£19/5/5d

 

You might recall,  then again you probably won’t, back in the middle of May,  when I wound up the saga of ‘The Rechabite’,  that I turned my back on an Insurance Company  position paying £3600. per annum, and took a job, with an airline for the princely salary of £19/5/5d per week, which if my calculations are correct, came to £942/1/8d. Not even a thousand quid a year. Still I was told that with all the penalties I’d be getting around the £27 -£28, which wasn’t too bad for 1960 I suppose.

In the early 60’s  the Ansett ANA terminal at Essendon was pretty small, TAA ( Trans Australia Airline); the government run airline was over on the  East/West runway side of the airport, and we were stuck over on the North/South runway. Guess which was the main runway; and which airline had the easy access.

Essendon The New terminal

Things improved late 1962, but prior to that, the terminals at Essendon were not much bigger than large church halls. One door leading to the tarmac area, where the aircraft sat waiting patiently. Two doors, one marked “Ladies”, the other “Gents”,  a newsagent/bookstore, sort of; and a tea and coffee bar. No liquor,  just coffee or tea and soft drinks and sandwiches. All very civilized.

The photograph as you can see was taken around 1963 and is basically of the new terminal with the two arms.

The bottom left hand side of the picture, you’ll notice a large blackened surface, this was the tarmac area for Ansett ANA, the taller of the group of buildings to the right was the terminal, as I said not very big.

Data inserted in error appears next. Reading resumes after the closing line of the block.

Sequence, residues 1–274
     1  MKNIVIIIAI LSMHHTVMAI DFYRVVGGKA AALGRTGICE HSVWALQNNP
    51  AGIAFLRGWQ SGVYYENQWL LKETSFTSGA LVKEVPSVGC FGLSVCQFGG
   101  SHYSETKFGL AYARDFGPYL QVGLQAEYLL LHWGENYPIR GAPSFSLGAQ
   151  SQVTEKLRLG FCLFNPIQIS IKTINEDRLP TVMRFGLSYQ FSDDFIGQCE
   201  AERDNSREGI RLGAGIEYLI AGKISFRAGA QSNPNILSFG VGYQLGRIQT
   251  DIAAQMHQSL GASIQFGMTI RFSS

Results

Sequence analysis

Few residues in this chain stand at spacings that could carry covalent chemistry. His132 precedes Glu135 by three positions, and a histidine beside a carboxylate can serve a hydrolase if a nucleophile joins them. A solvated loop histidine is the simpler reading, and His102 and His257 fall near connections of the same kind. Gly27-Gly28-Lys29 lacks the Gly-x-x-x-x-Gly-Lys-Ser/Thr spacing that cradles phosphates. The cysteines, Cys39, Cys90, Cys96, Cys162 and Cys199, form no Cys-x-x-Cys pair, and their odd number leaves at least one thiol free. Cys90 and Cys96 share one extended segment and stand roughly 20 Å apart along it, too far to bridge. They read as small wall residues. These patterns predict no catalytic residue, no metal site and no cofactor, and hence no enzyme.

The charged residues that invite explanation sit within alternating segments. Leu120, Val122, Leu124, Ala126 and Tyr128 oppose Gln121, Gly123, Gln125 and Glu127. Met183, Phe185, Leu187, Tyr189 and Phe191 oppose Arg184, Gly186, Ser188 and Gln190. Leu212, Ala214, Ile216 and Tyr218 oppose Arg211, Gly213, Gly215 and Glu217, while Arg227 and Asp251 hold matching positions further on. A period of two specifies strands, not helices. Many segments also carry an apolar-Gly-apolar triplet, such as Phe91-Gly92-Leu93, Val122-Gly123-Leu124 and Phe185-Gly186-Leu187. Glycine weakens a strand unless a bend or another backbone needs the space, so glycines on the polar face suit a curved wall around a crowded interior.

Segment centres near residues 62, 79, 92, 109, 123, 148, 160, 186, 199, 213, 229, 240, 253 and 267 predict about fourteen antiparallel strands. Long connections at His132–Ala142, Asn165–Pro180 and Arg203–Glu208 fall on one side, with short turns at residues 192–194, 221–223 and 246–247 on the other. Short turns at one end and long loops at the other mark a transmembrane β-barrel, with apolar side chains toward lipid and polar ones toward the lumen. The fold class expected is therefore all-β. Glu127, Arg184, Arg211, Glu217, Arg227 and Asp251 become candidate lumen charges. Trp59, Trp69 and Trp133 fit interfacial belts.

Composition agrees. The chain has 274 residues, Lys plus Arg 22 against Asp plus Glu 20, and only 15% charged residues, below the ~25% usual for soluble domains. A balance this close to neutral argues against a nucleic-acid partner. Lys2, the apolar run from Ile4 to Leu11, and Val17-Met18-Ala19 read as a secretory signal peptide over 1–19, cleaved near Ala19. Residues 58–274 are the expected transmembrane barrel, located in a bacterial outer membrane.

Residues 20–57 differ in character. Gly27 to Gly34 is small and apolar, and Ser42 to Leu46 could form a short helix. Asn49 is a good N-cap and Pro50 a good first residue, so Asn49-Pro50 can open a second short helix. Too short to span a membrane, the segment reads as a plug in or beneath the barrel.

Not having the foggiest idea what I’d let myself in for, I duly presented myself at the “Traffic Office” at Essendon Airport, at 08.00 hours as instructed; but I have no idea what the day or date was.

It really didn’t matter. I’d no longer be working a 9 to 5 job – not that I ever managed to stick to those hours – I’d now be working a seven day roster, the earliest start 0600, the latest start 1500 hours, the latest finish? Whenever the last scheduled plane arrived and the terminal cleared.

On arrival, I presented myself to Mr Butler at his office, and he took me out to meet my first “S.T.O”. Senior Traffic Officer, the blokes, and it was an all man affair, that kept the airline running, forget the flight crews, they only had to fly the aircraft, it was the ‘Traffic Office and the blokes that worked there, that kept the airlines running smoothly; most times. It didn’t take me long to figure this out!

My first “S.T.O”. was one Don Ryan, and what a top bloke he was, ex R.A.A.F,  WWII, he was a photographer with them during that conflict. The steadiest man I ever came across, never panicked, I doubt he knew how to spell the word, never rushed always in control. A good bloke.

Don performed my introduction to all the T.O’s, on duty, (there wasn’t that many, half a dozen, no more), which I had now become, except they were all smartly dressed in uniforms, complete with a bit of gold braid, and epaulettes likewise adorned; explained the basics of what I’d be doing for the first couple of days/weeks depending on how quickly I grasped the duties of a very junior “T.O.” and handed me over to another Pom, Jerry, who would guide me through the first day.